Over the past 6 years I've had quite a bit of flying experience for work, with 8 cross country flights and many shorter trips, I am usually able to get through a security line without a hassle. This trip was different because the TSA officers were having to debate whether or not the pointy end of my trekking poles would allow me to hijack an airplane. After a few minutes, they finally decided my ability to use it as a make-shift spear was minimal and they let me through.
The gear has been tested, the bags packed, and now I'm finally heading to Wyoming and Montana with my wife. We have the next 10 days ahead of us, starting Wednesday Sept. 23 and returning Saturday Oct. 3, split between Grand Tetons and Yellowstone National Parks as well as Big Sky Montana. Plans are a fickle thing, and only the first 5 days do we know for sure where we're staying, and the last half we'll figure it out as we go.
Landing in Jackson after leaving Charlotte is a shock to the senses. You're at 6200' of elevation, higher than most peaks east of the Mississippi. In front of you, 7000' higher, rear the Tetons like a wall marking the end of the world. Aspens have changed colors and are shocking plumes of orange and yellow down the mountain side. Air is thinner, and stepping out of the pressurized cabin onto the runway I feel my lungs start working harder. Sky is bigger, with a deeper-than-Carolina-blue that stretches across the giant bowl of the valley. Views clearer, with every crack in the rock, tree in transition from green to gold, and snow drift hiding in the shadows of massive peaks coming in clearly from miles away. Adderall in a natural prescription is the only way I can describe it, with your senses becoming hyper aware that you need to see better because it is a sin to miss any of this beauty.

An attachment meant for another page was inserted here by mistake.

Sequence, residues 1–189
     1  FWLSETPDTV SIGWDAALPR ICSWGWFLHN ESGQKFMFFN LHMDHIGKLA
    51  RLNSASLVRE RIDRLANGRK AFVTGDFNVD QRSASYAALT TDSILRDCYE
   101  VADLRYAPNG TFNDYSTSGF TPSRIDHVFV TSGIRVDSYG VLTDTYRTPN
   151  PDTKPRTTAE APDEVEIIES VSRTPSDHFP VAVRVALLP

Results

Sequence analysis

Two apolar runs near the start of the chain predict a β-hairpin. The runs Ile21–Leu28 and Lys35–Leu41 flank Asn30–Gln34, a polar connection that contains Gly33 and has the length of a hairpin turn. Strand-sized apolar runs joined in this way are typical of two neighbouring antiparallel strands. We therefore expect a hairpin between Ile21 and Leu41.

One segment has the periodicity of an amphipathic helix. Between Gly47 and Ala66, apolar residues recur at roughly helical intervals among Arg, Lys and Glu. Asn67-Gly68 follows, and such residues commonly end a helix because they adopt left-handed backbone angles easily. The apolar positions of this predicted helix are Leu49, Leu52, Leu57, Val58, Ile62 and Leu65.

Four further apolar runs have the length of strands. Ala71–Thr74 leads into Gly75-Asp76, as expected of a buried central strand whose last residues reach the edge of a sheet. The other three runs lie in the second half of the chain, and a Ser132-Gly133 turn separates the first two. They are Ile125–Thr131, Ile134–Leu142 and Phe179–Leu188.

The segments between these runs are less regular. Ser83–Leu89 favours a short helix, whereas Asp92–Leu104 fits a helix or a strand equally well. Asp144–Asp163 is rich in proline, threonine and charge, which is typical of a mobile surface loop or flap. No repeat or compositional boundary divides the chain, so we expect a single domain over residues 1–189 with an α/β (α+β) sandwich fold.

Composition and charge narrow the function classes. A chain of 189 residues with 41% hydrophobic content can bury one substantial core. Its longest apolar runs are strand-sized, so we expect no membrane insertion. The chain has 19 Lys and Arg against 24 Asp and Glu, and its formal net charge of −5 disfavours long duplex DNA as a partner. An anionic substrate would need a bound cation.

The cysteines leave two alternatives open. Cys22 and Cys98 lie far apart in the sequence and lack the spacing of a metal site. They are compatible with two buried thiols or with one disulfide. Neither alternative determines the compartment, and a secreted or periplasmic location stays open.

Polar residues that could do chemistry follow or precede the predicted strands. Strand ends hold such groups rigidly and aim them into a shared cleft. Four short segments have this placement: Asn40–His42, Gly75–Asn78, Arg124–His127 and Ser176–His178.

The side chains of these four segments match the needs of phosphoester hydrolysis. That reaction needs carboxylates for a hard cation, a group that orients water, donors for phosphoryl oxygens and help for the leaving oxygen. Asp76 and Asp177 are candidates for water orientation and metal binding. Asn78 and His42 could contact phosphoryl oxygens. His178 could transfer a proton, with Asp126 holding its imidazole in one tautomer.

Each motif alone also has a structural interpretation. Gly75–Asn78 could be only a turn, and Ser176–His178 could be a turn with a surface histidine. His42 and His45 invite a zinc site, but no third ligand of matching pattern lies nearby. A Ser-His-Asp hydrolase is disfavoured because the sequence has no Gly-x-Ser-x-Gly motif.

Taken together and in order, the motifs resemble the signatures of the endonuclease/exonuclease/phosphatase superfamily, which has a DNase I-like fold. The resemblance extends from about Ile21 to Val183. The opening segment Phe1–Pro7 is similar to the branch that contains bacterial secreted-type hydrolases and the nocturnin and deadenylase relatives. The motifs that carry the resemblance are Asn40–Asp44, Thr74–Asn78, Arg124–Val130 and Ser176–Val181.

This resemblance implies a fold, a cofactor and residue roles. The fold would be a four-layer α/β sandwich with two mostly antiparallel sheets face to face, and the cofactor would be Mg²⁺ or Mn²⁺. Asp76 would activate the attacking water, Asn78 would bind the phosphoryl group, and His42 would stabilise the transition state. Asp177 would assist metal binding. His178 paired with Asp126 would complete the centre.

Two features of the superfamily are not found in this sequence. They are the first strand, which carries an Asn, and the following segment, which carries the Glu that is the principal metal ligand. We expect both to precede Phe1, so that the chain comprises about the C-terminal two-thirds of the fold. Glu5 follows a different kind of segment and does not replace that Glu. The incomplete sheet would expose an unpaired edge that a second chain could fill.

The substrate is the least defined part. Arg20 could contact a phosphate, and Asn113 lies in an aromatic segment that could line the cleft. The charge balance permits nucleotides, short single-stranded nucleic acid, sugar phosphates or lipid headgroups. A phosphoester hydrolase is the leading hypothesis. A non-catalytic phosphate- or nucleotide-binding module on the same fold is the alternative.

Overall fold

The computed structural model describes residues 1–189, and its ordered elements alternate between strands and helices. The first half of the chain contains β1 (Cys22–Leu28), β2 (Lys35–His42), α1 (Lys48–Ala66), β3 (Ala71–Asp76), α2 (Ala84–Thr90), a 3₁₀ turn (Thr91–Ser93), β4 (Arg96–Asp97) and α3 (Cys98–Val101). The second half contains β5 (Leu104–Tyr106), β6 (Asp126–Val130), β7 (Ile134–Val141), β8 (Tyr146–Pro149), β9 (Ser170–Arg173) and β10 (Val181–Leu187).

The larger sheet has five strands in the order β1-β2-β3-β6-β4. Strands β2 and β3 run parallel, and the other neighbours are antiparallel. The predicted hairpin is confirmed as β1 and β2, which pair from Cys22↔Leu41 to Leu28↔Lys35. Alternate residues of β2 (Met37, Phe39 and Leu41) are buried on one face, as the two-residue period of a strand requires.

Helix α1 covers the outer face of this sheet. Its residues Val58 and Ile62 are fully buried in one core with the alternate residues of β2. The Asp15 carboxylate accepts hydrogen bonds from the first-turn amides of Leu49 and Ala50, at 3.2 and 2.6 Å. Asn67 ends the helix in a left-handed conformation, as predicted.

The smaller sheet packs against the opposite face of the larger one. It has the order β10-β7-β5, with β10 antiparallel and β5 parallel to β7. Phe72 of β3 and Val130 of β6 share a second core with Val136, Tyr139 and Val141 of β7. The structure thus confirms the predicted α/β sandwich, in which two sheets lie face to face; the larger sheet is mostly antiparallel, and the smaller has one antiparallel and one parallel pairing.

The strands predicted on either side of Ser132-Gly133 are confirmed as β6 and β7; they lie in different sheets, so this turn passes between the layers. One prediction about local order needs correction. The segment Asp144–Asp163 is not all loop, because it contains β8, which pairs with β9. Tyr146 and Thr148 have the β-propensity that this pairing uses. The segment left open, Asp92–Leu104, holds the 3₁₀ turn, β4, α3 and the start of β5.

Pulling out of the airport, the first sign is "Welcome to Grand Tetons National Park", and I feel very cheated. Every magnificent photo taken of the Tetons, with the sweeping plains beneath the jutting spires, could have been taken sitting right outside of the airport. I had this idea that seeing amazing vistas requires hard work, but here you can't go to a place that doesn't have a gorgeous view. We drove north into the park knowing that we wouldn't have time to do any hiking but at the same time we had to look around.
Even though we're approaching the off-season, tourists (like us) are everywhere even in the middle of the week on a Wednesday. An antique car club has to be in town this week because as I park the car, a Model T and a particularly nice 1948 Studebaker Commander are pulled to the side taking pictures with the mountains in the background. After checking to see what has already closed for the season (half of the campgrounds and one of the lodges), we get back on the road and drive to Jenny Lake just to see what a high altitude mountain lake really looks like. As we leave the crystal clear waters, we circle out onto the main road and watch through our telephoto lens small herds of buffalo and pronghorn antelopes in the massive valley.